Might these students, once they are adults, begin to see that all people possess inherent worth? Might it be a contradiction to one’s own identity to disparage people from “the other side” just because of where they were born, what they believe, or the color of their skin?

Excerpt from the book, Forgiveness Therapy, by R. Enright & R. Fitzgibbons. American Psychological Association, 2015.

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Three Reasons Why “Quick Forgiveness” Is Not Phony

An observant reader asked me recently if our Forgiveness News section might be comprised of many stories in which people are “faking forgiveness” so that they get national and international recognition from the media. After all, the person reasoned, for a few moments their images, words, and actions are in front of thousands or even millions, depending on which media sources carry the story.

While quick pronouncements of forgiveness might lead some to doubt the sincerity of the act, we have three counter-arguments in the debate.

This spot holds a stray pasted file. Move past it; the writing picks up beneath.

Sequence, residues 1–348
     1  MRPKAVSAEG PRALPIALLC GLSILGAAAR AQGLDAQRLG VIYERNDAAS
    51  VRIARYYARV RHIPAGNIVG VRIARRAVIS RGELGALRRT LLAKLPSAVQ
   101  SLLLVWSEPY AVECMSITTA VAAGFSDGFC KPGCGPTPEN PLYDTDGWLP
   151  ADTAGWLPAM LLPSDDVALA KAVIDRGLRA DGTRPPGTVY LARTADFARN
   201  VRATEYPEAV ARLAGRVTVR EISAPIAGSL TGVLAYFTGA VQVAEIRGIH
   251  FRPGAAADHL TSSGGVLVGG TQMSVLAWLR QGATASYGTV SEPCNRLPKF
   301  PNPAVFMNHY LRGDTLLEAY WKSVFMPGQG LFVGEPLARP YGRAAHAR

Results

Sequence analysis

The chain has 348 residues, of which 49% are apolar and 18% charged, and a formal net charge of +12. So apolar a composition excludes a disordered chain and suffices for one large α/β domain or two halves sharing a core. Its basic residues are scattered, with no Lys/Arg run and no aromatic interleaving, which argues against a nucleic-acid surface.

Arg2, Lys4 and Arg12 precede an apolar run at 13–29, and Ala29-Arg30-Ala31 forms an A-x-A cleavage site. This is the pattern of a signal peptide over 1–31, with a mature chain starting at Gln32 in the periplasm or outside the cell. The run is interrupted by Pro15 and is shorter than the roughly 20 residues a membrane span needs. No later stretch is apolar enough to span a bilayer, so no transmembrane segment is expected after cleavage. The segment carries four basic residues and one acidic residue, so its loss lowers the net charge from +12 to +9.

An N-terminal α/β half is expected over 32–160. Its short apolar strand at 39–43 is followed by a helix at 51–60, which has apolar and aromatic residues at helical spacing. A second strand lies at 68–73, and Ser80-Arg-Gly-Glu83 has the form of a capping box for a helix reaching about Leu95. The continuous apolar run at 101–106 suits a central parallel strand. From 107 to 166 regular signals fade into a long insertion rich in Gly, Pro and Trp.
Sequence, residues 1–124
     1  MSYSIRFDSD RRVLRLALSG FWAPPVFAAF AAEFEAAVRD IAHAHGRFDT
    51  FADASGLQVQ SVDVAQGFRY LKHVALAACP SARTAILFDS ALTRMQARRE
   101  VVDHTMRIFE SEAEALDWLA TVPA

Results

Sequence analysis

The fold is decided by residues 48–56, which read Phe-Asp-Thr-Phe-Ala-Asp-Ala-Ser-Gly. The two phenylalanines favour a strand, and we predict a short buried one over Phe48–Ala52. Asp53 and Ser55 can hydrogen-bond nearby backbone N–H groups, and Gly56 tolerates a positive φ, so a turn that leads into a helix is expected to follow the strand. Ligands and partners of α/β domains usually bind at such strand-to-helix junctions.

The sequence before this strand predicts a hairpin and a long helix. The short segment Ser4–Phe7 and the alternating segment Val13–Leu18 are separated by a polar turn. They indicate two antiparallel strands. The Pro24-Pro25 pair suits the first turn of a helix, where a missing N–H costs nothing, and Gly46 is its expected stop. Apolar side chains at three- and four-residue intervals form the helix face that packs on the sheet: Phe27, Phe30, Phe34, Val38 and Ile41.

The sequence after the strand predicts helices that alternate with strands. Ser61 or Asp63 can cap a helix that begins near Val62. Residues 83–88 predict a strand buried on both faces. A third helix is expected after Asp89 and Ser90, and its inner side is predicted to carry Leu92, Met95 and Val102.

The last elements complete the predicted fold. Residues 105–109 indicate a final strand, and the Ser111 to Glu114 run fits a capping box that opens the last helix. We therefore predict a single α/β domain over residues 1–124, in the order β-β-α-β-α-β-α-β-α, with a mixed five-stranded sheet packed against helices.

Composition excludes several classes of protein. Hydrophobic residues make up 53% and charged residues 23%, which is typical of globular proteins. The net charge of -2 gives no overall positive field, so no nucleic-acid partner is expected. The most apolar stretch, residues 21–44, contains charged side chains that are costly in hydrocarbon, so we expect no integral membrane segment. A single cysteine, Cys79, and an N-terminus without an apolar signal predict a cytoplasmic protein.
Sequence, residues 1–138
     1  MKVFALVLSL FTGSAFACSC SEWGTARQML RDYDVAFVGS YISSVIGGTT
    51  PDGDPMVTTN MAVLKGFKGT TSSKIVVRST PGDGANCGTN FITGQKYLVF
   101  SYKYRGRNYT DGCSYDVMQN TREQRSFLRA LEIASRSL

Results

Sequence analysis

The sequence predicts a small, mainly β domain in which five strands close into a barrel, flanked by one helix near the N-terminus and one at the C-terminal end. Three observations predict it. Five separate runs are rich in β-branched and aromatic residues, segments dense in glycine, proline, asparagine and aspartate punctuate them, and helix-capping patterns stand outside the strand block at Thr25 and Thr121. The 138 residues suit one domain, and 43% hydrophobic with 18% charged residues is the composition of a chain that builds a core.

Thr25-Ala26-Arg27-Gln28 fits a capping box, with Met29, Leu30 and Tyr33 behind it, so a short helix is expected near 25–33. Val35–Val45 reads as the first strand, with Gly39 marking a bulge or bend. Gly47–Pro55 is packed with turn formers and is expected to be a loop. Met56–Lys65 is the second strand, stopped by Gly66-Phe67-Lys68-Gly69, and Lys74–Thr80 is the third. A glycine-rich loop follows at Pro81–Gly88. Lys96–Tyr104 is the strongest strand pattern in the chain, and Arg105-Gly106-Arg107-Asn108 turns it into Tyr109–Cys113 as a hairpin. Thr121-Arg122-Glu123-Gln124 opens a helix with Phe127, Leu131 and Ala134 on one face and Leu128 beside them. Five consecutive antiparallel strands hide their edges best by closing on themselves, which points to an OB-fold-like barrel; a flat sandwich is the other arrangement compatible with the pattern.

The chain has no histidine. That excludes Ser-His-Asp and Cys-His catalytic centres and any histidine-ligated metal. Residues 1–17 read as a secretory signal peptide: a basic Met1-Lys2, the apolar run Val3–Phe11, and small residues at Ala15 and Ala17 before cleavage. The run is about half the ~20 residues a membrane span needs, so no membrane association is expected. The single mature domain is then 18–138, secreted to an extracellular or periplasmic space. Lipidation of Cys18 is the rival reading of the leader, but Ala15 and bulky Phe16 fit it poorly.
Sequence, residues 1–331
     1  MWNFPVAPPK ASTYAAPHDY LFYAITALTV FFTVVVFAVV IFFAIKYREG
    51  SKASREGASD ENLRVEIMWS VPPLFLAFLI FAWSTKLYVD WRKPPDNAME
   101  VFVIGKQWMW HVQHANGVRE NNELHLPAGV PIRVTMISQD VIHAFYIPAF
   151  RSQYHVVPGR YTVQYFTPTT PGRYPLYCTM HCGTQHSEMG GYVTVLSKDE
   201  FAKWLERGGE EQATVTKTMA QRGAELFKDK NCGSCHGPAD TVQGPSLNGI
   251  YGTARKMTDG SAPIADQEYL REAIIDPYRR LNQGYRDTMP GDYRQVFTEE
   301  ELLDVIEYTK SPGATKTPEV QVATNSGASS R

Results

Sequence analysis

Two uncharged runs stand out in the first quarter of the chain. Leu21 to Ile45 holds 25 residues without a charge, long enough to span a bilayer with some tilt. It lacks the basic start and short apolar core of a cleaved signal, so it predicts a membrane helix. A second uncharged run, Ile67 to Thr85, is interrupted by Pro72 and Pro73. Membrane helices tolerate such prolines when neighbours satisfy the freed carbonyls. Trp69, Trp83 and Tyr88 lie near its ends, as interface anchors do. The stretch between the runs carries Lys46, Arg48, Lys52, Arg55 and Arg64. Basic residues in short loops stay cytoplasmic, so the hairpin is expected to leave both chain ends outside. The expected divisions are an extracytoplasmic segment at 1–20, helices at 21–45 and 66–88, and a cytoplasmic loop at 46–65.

1) We must realize that some people are “forgivingly fit,” in that theywoman practice forgiveness regularly in the smaller injustices of life. Such practice readies them for when the tragic injustices come. In other words, years of practice accumulate and aid the forgiver now in the new, gargantuan challenge to forgive, say, the murderer of a loved one. As we watch the person forgive, we do not see the years of practice underlying the act and so we wonder about the sincerity, which is very real because of the practice.¹

2) Sometimes, our psychological defenses come to our aid when tragedy strikes. These defenses shield us from the intense anger which could emerge now. Yet, after a while, as the defenses begin to weaken, the anger arises afresh and so the initial pronouncement of forgiveness, when the angers subside, is not the final word on the matter. In other words, there still is forgiveness work to do, and this is not dishonorable. Forgiveness is hard work and requires re-visiting from time to time regarding situations we thought we had long-ago forgiven.

3) For reasons that are unclear to the social scientific community, some people, despite not having practiced forgiveness over and over, do forgive seemingly spontaneously. Their psychological defenses are not masking deep anger. They forgive in a thorough way on the first try. This seems rare, but it does happen.

Phony forgiveness?  No, not necessarily. What might appear on the surface as phony could be heroic forgiveness forged in the daily struggle to overcome the effects of injustice.

Robert

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Mercy on the Hurting